If you even remotely pay attention to the natural health community, I'm sure you've heard that echinacea benefits your health in a variety of ways – including its healing powers associated with cancer, inflammation and pain. Not only has the flower garnered a lot of media attention lately, it has turned into quite the industry!
Echinacea Benefits Equal Big Business!
In fact, “Sales of herbal dietary supplements in the United States increased by 7.9% in 2013, reaching six billion dollars for the first time,” according to the American Botanical Council. (1) This is by far the largest increase since the 1990s and we’ve seen steady growth in herbal sales for the last 10+ years straight.
And echinacea, as you may have guessed, is leading that impressive growth – by a long shot. In fact, echinacea, more commonly known as the purple coneflower, is now a $28 million industry with sales increasing to 94.7 percent in 2013 alone. (2) But this growth is not surprising when you consider the amazing health benefits associated with this flower.
The Story Behind Echinacea
Native to North America, echinacea is a coneflower that has been used in natural medicine for more than 400 years. In fact, Native Americans from the Great Plains Indian tribes were known to use the flower for medicinal purposes. Although it’s technically an herb, medicine can be made from echinacea's roots, flowers and leaves.
Before the mass introduction of antibiotics during WWII, echinacea benefits were widely enjoyed by the medical community. But the famed herb lost the bulk of its esteem after antibiotics caused a massive shift in the medical world.
Surprisingly, the chemicals found in the root of echinacea differ greatly from those in the upper section of the flower. When the roots are analyzed, we can see elevated concentrations of essential oils. Contrast that with the polysaccharides contained in the parts of the plant that grow above ground, and you can see how the plant has real immune boosting powers.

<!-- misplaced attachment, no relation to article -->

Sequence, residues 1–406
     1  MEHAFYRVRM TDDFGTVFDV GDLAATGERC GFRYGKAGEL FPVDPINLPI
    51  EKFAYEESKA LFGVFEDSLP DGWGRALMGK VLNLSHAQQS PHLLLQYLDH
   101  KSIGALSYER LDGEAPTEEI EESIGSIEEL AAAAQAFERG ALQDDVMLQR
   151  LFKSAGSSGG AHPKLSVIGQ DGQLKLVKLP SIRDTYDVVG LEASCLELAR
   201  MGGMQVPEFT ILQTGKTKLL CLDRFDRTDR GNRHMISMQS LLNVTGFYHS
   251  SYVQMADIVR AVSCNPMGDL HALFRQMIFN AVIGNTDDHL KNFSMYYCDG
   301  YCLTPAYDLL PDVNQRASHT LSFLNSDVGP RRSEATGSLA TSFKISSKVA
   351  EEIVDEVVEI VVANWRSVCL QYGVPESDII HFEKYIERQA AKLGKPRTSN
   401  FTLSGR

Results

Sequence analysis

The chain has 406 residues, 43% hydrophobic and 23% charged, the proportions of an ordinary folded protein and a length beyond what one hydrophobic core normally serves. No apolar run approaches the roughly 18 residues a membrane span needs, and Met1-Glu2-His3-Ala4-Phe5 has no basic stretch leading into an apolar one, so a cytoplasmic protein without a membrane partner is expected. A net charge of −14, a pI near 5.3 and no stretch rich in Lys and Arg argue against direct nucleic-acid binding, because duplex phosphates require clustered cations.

In fact, several of echinacea’s chemical constituents are known immune system enhancers and offer great therapeutic value. These include essential oils, vitamin C, insulin, flavonoids and polysaccharides. (3)
Researchers at the University of Maryland Medical Center found that the above-ground portion of the plant is the most beneficial. The German government has actually approved the above-ground parts of echinacea in treatments for upper respiratory tract infections, urinary tract infections, slow healing wounds and colds. (4)
Echinacea Health Benefits
While there are a seemingly endless number of health benefits associated with echinacea, these nine strike me as the most beneficial.
1. Immune Boosting Powers
An analysis conducted by the University of Connecticut looked at 14 different echinacea studies. The results, which were published in the journal Lancet Infectious Diseases, found the following:
- Consuming Echinacea improves immunity and reduces the chances of catching the common cold by 58 percent.
- Taking Echinacea can cut the duration of a cold by nearly a day and a half.
“The take home message from our study is that echinacea does indeed have powerful cold prevention and cold treatment benefits,” said Craig Coleman, Assistant Professor of Pharmacy Practice and lead author of the study. “The significance of that finding becomes clear when you consider Americans suffer from one billion colds annually and spend about $1.5 billion annually for doctor visits and another $2 billion annually on non-prescription cough and cold treatments.” (5)
In fact, the immune system is strongly influenced by dosage of Echinacea, according to the United States Department of Agriculture Natural Resources Conservation Service. Research shows that 10 mg of echinacea for every kilogram of body weight is effective at stimulating the immune system when taken daily over a 10-day period. (6)
Moreover, new research published in the medical journal Hindawi suggests that echinacea can stop viral colds, too. Still, when it comes to the immune system, the best results for using echinacea is how it works on recurring infections. (7) While research proves the flower is an effective cold deterrent, its real power comes once cold symptoms appear. (8)
2. Fights Infection
Echinacea is also a perfect cure for a slew of infections. According to the National Institutes of Health (NIH), taking echinacea and rubbing a medicinal cream on the skin can reduce the rate of reoccurring vaginal infections by 16 percent, as opposed to taking the medicine by itself. It is also known to help with:
- Vaginal yeast infections
- Urinary tract infections
- Bloodstream infections
- Genital herpes
- Oral health
3. Upper Respiratory
Due to its immune boosting and anti-inflammatory powers, echinacea can improve upper respiratory infections: (9)
- Whooping cough
- Strep throat
- Common cold
- Acute sinusitis
- All flu